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Georgina Pope wearing the "Bluebird" military nursing uniform of the Canadian Army Medical Corps
Georgina Pope was born in Charlottetown, Prince Edward Island. She grew up on a lovely estate with servants and a governess. Imagine everyone's shock when Georgina announced she was going to New York to train as a nurse at Bellevue Hospital Training School, for nurses were considered servants at the time. Bellevue was established by Florence Nightingale, a nursing legend who had revolutionized army medical care. Georgina was destined to follow in Nightingale's footsteps.
In 1899, she was chosen to head a group of nurses in South Africa during the Boer War. The nurses tended to sick or wounded soldiers in base hospitals. These hospitals were often not more than a hut or tent that could move along with the army and the nurses were on constant lookout for snakes and scorpions. Georgina returned to Canada in January 1901 but was sent for a second tour of duty in March 1902. The war ended in June 1902 and she returned home once again. In 1903, Georgina was awarded the Royal Red Cross Medal for meritorious and distinguished service, the first Canadian to receive this esteemed honour.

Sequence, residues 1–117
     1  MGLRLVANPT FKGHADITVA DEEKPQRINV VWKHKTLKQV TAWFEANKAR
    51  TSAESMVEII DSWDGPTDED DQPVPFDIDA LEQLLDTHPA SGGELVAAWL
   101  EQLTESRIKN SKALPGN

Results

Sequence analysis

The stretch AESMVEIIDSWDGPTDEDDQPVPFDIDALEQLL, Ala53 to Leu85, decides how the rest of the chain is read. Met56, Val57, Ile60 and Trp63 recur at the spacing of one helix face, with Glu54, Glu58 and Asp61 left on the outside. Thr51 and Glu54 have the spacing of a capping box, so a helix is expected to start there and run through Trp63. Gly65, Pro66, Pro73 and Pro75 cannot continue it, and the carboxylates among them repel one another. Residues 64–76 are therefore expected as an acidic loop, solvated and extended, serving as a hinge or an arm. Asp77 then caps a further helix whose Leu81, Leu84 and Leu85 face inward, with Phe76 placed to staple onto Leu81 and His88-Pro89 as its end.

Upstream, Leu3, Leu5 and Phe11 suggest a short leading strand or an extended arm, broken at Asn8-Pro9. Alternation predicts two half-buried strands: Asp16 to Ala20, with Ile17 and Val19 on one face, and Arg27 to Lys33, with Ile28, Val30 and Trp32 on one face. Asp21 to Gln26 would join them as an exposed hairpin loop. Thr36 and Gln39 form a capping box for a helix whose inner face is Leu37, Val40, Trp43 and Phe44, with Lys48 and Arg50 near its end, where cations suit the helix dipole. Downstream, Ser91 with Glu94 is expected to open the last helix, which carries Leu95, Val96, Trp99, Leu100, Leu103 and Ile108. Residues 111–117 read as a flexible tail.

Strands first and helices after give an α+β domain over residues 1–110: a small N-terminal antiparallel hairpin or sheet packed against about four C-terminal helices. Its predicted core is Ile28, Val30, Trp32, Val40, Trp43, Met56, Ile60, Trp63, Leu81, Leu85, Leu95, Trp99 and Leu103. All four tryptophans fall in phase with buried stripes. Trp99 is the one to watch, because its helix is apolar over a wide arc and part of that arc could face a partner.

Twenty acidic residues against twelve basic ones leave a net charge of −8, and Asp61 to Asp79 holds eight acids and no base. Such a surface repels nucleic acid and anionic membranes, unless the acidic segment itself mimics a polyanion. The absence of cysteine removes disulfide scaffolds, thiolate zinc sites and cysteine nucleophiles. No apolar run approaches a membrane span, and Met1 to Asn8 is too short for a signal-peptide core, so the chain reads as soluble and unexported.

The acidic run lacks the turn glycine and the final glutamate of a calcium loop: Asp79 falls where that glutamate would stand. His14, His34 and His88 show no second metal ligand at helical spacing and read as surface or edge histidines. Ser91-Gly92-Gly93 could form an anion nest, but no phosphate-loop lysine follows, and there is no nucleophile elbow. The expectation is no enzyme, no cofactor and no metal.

Back in Canada, she became Canada's first nursing matron in 1908, designing and administering training programs for military nurses. The Canadian army was the first in the world to give nurses officer status, equivalent to the rank of lieutenant. The nurses graduating from Georgina's courses profited from her hard work. At age 55, in poor health, Georgina went overseas in 1917 to work near Ypres, one of the bloodiest battlefields of the First World War, where more than one million soldiers were wounded or killed. Georgina returned to Canada in 1918 and died in Charlottetown in 1938.
Georgina Pope in her nursing uniform
No. 7 Canadian General Hospital, Étaples, France, 1917
Imperial Adventure, Personalities: Nursing Sister Georgina Fane Pope (1862-1938). Canadian War Museum.
(accessed February 11, 2005)
Merritt, Susan E. Her Story III: Women from Canada's Past. St. Catharines, Ont.: Vanwell Publishing, 1999.